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Over the years, my website has accumulated an archive of short pieces of prose, each of which can be read in the time it takes to drink a cup of tea. Most deal with the art and craft of writing, though some wander away up side paths. This archive can be accessed via the Writing Life tabs.

Because my love of images is almost as great as my love of words, I post whatever catches my eye to Instagram .

I can be contacted direct or through my literary agent. I hope you find something on the site to enjoy.

Tuesday 16 th June 2020

This week I've been in conversation with two lovely writers, both of whom have posted our chats on their websites.

Emma Ashmere's new short story collection Dreams They Forgot will be published by Wakefield Press on 1st September 2020.

Born in Adelaide, South Australia, Emma's short stories have been widely published including in The Age, Griffith Review, Overland, Review of Australian Fiction, Sleepers Almanac, Etchings, Spineless Wonders,  and the Commonwealth Writers literary magazine adda. She was shortlisted for the 2019 Commonwealth Writers Short Story Award, 2019 Newcastle Short Story Award, 2018 Overland NUW Fair Australia Prize, and the 2001 Age Short Story Competition.

Emma lives in northern New South Wales and my conversation with her can be found here

Rachael Mead is a poet, writer and arts reviewer living in South Australia.

She's had an eclectic life, working as an archaeologist, environmental campaigner and seller of books both old and new. She has an Honours degree in Classical Archaeology, a Masters in Environmental Studies, a PhD in Creative Writing and is an affiliate of the J.M. Coetzee Centre for Creative Practice at the University of Adelaide.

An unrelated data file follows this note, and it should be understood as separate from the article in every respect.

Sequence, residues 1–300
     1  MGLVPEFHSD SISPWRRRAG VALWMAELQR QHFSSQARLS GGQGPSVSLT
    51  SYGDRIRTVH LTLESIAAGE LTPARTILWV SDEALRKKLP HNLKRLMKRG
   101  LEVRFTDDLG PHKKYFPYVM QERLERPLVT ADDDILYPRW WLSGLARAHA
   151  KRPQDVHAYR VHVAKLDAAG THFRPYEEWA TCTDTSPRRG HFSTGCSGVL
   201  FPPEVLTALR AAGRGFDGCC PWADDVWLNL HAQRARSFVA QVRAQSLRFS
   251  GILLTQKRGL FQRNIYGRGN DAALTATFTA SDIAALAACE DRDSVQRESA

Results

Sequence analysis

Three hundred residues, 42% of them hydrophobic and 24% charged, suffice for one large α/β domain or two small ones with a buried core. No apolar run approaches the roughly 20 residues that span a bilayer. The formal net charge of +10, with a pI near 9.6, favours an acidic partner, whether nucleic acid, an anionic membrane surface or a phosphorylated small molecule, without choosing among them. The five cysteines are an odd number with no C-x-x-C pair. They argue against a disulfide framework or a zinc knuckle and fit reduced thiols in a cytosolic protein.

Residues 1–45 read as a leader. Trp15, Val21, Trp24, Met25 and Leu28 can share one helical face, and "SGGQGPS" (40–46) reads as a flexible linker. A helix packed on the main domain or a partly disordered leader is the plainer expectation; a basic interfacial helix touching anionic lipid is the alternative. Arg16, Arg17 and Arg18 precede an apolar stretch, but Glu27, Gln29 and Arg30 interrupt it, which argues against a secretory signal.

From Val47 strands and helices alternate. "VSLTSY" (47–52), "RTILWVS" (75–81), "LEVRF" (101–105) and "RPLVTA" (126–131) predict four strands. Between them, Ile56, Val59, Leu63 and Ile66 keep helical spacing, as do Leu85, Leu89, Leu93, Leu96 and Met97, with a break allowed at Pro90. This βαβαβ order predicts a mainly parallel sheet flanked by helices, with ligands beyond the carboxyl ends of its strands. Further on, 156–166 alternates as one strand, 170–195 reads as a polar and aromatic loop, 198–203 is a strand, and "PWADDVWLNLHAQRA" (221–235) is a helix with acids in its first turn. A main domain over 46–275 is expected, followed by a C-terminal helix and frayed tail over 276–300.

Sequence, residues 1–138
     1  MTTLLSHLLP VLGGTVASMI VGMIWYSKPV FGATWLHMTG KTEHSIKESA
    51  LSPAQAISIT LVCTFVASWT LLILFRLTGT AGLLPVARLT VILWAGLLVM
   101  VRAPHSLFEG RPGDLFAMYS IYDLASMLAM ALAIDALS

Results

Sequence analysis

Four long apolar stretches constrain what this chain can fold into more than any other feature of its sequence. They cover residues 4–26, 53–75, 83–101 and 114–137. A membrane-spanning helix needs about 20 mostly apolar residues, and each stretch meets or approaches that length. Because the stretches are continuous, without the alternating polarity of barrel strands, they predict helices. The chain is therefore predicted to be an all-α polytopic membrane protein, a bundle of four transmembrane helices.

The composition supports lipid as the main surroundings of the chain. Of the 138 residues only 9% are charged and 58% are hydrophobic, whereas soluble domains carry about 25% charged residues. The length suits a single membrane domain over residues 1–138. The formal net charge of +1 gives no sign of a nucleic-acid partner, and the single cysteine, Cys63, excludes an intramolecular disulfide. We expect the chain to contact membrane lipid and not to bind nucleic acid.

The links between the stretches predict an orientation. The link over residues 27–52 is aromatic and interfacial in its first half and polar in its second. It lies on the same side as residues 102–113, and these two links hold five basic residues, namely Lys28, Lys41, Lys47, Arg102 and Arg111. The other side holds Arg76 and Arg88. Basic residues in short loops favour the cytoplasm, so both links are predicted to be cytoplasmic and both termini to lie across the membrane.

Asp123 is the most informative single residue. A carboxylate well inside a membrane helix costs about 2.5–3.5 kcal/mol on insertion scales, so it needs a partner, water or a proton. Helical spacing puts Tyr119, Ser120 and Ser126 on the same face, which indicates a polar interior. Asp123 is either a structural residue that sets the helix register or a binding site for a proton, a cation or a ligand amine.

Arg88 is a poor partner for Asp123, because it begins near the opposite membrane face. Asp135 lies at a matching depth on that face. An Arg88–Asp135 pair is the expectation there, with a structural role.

She is a novelist and poet, and her debut novel The Application of Pressure was released by Affirm Press in May 2020. Rachael has published four collections of poetry: The Flaw in the Pattern  (UWA Publishing 2018),  The Sixth Creek (Picaro Press 2013) and the chapbooks Sliding Down the Belly of the World (Wakefield Press 2012) and The Quiet Blue World (Garron Publishing 2015).

Click here to see what Rachael and I chatted about.


20th April 2020

I'm delighted to announce the publication of my novella Murmurations. The epigraph in the book comes from a scientific paper on the movements of starling flocks, and when I chose it I had no idea how uniquely applicable it would become to the strange time we are living through right now.

The change in the behavioural state of one animal affects and is affected by that of all other animals in the group, no matter how large the group is.

Lives merge and diverge; they soar and plunge, or come to rest in impenetrable silence. Erris Cleary's absence haunts the pages, a woman who complicates other lives yet confers unexpected blessings. Fly far, be free, urges Erris. Who can know why she smashes mirrors? Who can say why she does not heed her own advice?

'With beautiful, clear-eyed insight, Murmurations charts lives edging towards revelation or despair. The women at the heart of these stories have the poise and mystery of figures in paintings. We're drawn into intimacy with them through the grace of Carol Lefevre's benevolent vision and quietly assured prose.'